Age and breast cancer: Limit alcohol consumption and exercise regularly to lower cancer risk, say scientists


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(Natural News) Neither alcohol nor age is the leading cause of breast cancer, but these factors do contribute to the likelihood of developing it in later years. A recent review showed that alcohol consumption is consistently associated with an increased risk of breast cancer.

The review, published in Women’s Health, also revealed that the period between a woman’s first occurrence of menstruation and her first pregnancy represents a window of time when breast tissue is more susceptible to carcinogens, such as those found in most alcoholic beverages.

What is breast cancer?

Breast cancer is the second most common type of cancer among women in the U.S., according to the Centers for Disease Control and Prevention (CDC). In fact, about one in eight American women is expected to develop invasive breast cancer at some point.

In women with breast cancer, breast cells tend to grow abnormally. These cells divide faster than healthy cells and continue to accumulate, which eventually leads to the formation of lumps, or tumors. If left untreated, these cancer cells may spread to nearby parts of the body like lymph nodes, lungs and liver, where they can cause similar damage. (Related: TCM herbal formula found to stop metastatic breast cancer from spreading.)

The risk of breast cancer is typically linked to genetics. A woman’s risk of breast cancer nearly doubles if her biological grandmother, mother, aunt or sister are diagnosed with the disease. In such cases, breast cancer is typically caused by gene mutations that have been passed down. That being said, less than 15 percent of women who dek,velop breast cancer have a family member diagnosed with it.

Surprisingly, about 85 percent of breast cancers occur in women who have no family history of the disease. In these cases, genetic mutations and cellular damage happen as a result of poor nutrition, poor lifestyle habits and old age, all of which make the body susceptible to carcinogens.

The link between alcohol consumption and breast cancer

The International Agency for Research on Cancer (IARC) has classified alcohol as a class one carcinogen since 1988. By definition, class one carcinogens are substances that are proven to cause cancer, often by causing significant damage to DNA strands.

To determine how alcohol consumption affects breast cancer risk, researchers of the Women’s Health review analyzed the data of several epidemiologic studies that evaluated alcohol consumption in relation to breast cancer risk. They found that a majority of the epidemiologic studies reported that recent alcohol consumption was greatly associated with an increased risk of breast cancer.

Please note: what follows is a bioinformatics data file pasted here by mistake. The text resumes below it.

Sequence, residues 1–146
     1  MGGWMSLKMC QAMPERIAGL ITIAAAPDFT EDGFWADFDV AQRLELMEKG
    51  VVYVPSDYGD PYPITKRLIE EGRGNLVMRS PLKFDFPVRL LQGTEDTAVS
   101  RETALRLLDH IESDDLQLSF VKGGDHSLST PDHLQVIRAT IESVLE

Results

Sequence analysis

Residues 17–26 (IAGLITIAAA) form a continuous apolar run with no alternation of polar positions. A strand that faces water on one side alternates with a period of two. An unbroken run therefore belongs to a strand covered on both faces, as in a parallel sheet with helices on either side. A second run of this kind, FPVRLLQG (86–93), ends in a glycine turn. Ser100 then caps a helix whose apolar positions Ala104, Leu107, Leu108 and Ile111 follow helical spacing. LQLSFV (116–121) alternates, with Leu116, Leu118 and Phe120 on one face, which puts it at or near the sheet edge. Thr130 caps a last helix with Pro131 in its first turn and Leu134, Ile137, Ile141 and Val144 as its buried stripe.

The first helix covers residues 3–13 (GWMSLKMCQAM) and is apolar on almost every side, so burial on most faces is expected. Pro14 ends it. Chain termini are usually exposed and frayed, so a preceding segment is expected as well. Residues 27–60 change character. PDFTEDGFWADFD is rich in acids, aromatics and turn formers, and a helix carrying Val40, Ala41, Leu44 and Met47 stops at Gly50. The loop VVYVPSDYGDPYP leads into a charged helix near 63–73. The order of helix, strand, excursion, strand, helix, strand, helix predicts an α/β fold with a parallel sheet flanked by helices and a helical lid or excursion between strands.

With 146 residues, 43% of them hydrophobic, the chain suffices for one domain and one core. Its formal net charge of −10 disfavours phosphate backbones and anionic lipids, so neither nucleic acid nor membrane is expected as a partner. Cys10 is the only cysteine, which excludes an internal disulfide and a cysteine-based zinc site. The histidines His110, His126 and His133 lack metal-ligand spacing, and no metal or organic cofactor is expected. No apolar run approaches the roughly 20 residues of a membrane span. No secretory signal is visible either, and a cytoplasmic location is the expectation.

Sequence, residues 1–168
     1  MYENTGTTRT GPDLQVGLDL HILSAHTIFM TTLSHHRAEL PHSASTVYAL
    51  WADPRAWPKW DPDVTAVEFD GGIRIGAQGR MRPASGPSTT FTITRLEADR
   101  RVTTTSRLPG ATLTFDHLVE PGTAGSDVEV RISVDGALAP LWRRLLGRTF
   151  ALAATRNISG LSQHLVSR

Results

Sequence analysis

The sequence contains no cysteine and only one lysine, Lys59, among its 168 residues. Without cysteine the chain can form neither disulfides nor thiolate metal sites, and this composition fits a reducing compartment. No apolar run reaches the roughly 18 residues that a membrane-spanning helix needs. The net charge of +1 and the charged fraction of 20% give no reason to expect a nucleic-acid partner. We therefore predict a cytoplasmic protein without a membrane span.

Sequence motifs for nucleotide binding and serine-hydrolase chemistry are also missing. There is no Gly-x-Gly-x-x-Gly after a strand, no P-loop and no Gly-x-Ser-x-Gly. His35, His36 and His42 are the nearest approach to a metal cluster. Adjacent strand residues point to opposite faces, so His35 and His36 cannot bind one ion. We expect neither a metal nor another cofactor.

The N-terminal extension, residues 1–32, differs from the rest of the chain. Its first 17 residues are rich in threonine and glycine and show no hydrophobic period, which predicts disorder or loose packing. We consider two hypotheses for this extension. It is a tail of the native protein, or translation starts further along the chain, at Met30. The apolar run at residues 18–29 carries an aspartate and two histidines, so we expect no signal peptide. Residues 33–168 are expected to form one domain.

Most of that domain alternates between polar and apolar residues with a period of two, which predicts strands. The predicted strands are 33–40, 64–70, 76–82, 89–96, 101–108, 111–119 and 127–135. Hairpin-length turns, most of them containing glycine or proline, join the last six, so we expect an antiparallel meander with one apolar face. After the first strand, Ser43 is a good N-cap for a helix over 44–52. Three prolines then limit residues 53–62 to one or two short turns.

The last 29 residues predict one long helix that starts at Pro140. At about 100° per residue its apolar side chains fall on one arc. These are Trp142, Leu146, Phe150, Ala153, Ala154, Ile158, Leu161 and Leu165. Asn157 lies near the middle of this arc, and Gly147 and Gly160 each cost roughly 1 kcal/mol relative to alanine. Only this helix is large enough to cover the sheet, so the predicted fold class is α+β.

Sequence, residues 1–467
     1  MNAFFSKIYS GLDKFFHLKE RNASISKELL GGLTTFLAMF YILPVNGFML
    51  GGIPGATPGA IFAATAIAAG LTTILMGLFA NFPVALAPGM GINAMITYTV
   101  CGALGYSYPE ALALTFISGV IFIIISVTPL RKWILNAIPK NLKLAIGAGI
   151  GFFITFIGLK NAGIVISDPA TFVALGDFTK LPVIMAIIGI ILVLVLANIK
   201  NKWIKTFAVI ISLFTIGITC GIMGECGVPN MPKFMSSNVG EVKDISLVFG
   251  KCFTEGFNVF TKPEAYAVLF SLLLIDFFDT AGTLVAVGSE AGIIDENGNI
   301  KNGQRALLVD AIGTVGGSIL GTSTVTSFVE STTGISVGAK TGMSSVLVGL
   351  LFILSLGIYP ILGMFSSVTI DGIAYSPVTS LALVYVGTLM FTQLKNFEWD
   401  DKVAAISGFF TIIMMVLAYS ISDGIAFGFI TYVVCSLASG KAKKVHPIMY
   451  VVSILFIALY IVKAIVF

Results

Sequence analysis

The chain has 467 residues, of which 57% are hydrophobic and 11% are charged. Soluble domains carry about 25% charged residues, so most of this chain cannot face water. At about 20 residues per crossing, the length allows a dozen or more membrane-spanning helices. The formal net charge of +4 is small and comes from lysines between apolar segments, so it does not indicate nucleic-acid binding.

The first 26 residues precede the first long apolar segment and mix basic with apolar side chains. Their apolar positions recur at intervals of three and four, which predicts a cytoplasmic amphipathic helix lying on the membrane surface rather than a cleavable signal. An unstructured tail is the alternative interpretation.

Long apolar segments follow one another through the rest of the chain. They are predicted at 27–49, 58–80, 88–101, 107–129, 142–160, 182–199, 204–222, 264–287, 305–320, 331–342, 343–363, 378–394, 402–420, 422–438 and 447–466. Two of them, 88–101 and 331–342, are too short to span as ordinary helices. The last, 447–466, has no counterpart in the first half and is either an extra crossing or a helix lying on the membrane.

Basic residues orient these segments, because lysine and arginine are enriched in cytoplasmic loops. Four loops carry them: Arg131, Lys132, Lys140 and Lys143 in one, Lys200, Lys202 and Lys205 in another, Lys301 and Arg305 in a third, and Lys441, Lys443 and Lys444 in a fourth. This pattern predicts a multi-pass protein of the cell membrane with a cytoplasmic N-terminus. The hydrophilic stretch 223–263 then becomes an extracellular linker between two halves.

Meanwhile, women who started to drink at an early age had a 34 percent increased risk of breast cancer for every 13 g of alcohol per day. These findings suggest that breast cancer prevention efforts should begin early in life. Additionally, women ought to abstain from frequent and excessive alcohol consumption to minimize the risk of breast cancer.

The risk for breast cancer increases with age

Whether or not you drink alcohol, the risk of breast cancer generally increases with age. Over time, the body naturally weakens, and abnormal changes in cells become more likely to occur.

Because of this, breast cancer is especially common in women over the age of 50 years. According to the National Cancer Institute (NCI), doctors often diagnose breast cancer in women between 55 to 64 years.

Still, there are several ways you can minimize breast cancer risk and delay its onset, even in later years. Regular exercise, for instance, may help reduce breast cancer risk after menopause since it keeps the immune system in good shape.

Exercise also allows you to maintain a healthy weight, which helps prevent the onset of chronic diseases linked to breast cancer including obesity and cardiovascular disease. Additionally, stay away from unhealthy foods, such as processed meats and refined sugar, that increase the risk of certain cancers including those of the stomach and colon.

Visit CancerCauses.news for more stories on breast cancer causes and risk factors.

Sources include:

NCBI.NLM.NIH.gov

CDC.gov

BreastCancer.org

MedicalNewsToday.com


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